To meet this growing evil the Sunday School system is had recourse to; children who are denied individual instruction must be brought together to be

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taught collectively. In this way much that is left undone at home, may be done at school; much that parents, sponsors, and clergymen do not, or cannot, perform, will be in some measure attained through the instrumentality of teachers. Sunday Schools must, therefore, be worked as a function of the Church ; not as an extraneous element, but as a legitimate help to a system already recognized. This then is the Mission of the Sunday School teacher—to stand towards the children of his class, in some sense, in the place of a parent, not indeed to supersede him but to help; to act in some measure as a sponsor training his charge to holiness of life, with especial reference to the keeping of the baptismal vow; and to catechise him in the stead of the minister, when so permitted. Here are embodied in one person and office, three of the most sacred relationships that can possibly exist between two parties. Let all Sunday School Teachers think of the dignity of their calling, the usefulness of their labours, if properly conducted ; and the tremendous responsibility which their office entails. Such considerations will be productive of humility, patience, prayerfulness, watchfulness, and faith ; besides those subordinate qualities of regularity, punctuality, energy, and diligence, without which no Teacher can be either happy or useful.

Several other considerations flow out of this view of the Teacher's Mission ; such as, the system to be pursued, the subjects to be taught, the difficulties and encouragements, with many others which must be discussed in other papers.

Meanwhile be it never forgotten that the teacher's mission, is a mission of souls. It is intermingled with most fearful considerations. The immortality of the soul ; the rewards and punishments of another life, death and judgment, heaven and hell, time and eternity, are among the tremendous realities with which he has to do. “Who is sufficient for these things ?" St. Paul furnishes the answer, “ Our sufficiency is of God.” Let then the Sunday School Teacher first secure for himself the grace that saves his own soul ; and add to it those gifts which will help him to save others.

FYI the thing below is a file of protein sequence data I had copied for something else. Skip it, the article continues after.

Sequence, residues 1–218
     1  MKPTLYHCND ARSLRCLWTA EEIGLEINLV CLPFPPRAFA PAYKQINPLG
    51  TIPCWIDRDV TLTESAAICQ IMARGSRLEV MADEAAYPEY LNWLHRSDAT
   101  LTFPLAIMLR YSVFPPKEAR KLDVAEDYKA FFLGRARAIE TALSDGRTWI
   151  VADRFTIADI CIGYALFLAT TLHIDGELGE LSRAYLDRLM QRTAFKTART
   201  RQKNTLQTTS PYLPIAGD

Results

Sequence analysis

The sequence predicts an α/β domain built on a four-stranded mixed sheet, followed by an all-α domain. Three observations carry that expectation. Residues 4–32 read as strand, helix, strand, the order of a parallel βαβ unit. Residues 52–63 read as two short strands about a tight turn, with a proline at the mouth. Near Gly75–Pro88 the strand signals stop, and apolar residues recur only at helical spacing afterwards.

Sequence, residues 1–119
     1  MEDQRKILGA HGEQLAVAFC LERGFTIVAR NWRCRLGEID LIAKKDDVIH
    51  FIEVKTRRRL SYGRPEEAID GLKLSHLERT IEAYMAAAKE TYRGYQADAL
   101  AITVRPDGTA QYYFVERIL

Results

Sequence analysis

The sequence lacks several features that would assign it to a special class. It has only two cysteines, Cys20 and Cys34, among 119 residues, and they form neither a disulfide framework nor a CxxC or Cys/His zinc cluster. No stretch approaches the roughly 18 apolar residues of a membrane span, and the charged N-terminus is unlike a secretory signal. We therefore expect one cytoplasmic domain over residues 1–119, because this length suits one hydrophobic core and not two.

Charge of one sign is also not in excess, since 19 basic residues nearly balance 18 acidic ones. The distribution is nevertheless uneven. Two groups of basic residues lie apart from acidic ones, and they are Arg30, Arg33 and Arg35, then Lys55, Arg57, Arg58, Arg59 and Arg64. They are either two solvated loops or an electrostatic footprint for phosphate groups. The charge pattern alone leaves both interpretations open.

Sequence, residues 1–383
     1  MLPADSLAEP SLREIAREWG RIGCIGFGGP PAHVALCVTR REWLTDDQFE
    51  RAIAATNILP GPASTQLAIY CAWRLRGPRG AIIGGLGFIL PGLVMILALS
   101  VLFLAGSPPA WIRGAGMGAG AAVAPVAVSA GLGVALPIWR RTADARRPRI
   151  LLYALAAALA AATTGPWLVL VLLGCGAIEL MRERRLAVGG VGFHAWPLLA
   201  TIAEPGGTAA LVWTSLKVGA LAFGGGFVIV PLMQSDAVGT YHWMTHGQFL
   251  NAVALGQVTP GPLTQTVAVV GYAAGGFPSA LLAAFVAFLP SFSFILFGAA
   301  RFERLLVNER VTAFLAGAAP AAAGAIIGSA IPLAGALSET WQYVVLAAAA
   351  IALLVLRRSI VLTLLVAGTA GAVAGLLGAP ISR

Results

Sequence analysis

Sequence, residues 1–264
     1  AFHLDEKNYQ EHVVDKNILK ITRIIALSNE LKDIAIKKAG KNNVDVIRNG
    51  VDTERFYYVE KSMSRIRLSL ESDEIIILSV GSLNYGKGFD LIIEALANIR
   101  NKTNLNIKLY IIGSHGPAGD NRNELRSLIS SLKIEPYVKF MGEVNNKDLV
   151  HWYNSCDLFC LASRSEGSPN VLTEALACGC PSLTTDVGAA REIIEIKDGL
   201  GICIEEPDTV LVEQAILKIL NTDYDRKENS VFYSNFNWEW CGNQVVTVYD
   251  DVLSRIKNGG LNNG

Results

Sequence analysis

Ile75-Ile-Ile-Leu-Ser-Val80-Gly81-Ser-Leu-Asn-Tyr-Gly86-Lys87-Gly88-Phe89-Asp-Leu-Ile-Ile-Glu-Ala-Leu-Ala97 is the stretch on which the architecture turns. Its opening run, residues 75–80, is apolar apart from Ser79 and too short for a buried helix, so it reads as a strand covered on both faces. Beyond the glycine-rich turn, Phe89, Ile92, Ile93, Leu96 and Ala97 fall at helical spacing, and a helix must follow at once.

K. K.

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In speaking of the names of men in the early Church, we find them of three kinds :-1. Those which designated them as Christians, and by which they owned and distinguished themselves. 2. The names of reproach, cast upon them by Jews and infidels. 3. Those names which express the different degrees of rank, and different kinds of offices both of clergy and laity.

1.–Soon after the planting of Christianity, the early converts were known among themselves by the name of disciples, believers, elect, saints, and brethren, before they received the title of Christians. They have also been called Jesseans, either from Jesse the father of David, or more correctly from Jesus. The words, saint,' believers,' elect,' were used to signify, not what the Calvinists pretend, a select part, but the whole body of Christians. They were also called Gnostic; that is, men of understanding : they must not, however be confounded with heretics of that name, a perverse sect, who aped the name because of their great pretence to knowledge and science properly so called. Another name which frequently occurs, is that of Theophori, which signifies Temples of God :" St. Ignatius always called himself by this name. In the acts of his martyrdom, it is recorded that the emperor Trajan hearing this holy father style himself Theophorus, asked what that name meant? to which Ignatius replied, that it meant one that carried Christ in his heart. “Dost thou, then," said Trajan, “ carry him that was crucified in thy heart ?" Ignatius answered, “ Yes,' for it is written, 'I will dwell in them, and walk in them.'” St. Ambrose, in one place gives them the name of Christi, from the word Christus, which signifies any one that is anointed with oil, or receives any commission from God by a spiritual unction, in which sense every Christian is the Lord's anointed. At the same time it is very observable, that in all the names which the early christians adopted, there was still some relation to Christ and God, from whom they would be named, and not from any mortal men, how great and eminent soever. Party names and party appellations, they ever professed to abhor. “We take not our denomination from men,” says St. Chrysostom. And Epiphanius adds, “The Church was never so much as called by the name of any Apostle ;" we never heard of Petrians, or